Rose Cottage was built about 1862 as a cottage ornée in what was then very much open country on the southern outskirts of the town of Belfast. It was built for John Coyle of the Cromac Grocery and Spirit Store, on the line of one of the avenues or ‘passes’ through the Earl of Donegall’s estates.
As Belfast expanded, the cottage was rapidly surrounded by terraces of red-brick artisan dwellings, and its address became Coyle’s Place. Internally, it retained its spacious rooms and ornate plasterwork, but to the casual passer-by it had been thoroughly absorbed into its surroundings.
In the late 1970s, the N I Housing Executive identified the Donegall Pass environs as a redevelopment area, and many streets were vested for clearance, including Coyle’s Place. Local feeling about the cottage however was strong, and following representations by the local Residents’ Association and the Ulster Architectural Heritage Society, Rose Cottage was listed, and Hearth offered to take on the restoration of the building. The Executive co-operated by redesigning the courtyard which was replacing Coyle’s Place and Walnut Street to incorporate the cottage, and the restoration was carried out in six months.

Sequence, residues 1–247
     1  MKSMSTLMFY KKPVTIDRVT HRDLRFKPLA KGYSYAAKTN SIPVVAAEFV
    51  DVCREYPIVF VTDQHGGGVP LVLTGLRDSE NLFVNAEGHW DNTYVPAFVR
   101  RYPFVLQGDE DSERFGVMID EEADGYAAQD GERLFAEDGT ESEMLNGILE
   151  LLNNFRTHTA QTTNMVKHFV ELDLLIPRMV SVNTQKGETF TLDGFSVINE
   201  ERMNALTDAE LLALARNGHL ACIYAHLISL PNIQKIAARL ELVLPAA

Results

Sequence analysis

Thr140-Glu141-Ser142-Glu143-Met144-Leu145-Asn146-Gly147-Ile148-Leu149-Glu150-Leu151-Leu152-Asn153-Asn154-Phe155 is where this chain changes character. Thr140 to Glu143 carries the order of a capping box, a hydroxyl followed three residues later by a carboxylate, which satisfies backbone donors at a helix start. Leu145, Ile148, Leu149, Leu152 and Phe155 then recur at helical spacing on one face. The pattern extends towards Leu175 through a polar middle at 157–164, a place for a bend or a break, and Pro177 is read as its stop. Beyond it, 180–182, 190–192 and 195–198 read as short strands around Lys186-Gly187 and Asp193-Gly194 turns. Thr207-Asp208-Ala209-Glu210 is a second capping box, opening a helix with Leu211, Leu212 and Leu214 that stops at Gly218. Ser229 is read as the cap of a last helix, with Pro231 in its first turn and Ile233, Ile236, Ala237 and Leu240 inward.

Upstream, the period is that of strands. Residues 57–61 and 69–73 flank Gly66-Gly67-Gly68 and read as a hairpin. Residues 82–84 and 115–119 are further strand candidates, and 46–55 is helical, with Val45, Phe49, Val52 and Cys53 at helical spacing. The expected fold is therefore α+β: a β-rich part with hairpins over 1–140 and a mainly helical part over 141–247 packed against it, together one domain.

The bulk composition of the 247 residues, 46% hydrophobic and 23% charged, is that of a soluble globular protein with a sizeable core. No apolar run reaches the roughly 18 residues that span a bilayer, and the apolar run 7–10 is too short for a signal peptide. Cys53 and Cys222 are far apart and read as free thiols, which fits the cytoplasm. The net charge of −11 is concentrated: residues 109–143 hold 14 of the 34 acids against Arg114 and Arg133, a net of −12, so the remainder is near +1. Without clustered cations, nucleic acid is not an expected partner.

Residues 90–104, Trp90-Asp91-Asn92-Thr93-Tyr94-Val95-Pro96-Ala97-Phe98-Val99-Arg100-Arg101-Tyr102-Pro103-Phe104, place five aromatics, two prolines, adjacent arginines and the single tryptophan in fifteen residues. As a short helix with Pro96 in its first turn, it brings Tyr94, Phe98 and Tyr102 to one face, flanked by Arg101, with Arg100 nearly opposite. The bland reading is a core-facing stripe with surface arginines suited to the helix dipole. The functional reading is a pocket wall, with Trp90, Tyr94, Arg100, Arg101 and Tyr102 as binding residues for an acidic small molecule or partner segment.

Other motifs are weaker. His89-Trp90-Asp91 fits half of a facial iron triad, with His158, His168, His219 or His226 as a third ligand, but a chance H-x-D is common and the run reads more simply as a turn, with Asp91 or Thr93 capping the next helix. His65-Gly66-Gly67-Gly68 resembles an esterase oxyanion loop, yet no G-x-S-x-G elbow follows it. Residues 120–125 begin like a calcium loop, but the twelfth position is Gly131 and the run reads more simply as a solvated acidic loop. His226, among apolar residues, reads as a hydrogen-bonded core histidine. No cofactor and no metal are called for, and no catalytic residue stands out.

Disentangling the cottage from the buildings erected against it necessitated extensive reconstruction of the gable walls, while the back wall had been constructed of very soft brick that had to be replaced completely, but brick salvaged from nearby demolition was used for this and the original elevation has been replicated. An old entrance at the back, possibly built to house a pony and trap, was converted to a store, but otherwise the plan was unchanged and work consisted of restoring the damage caused by time and neglect. Vandals had stolen many of the slates from the roof so where possible removable items like balustrading were taken into store before work started, but much of the plasterwork had to be replaced in the course of the work.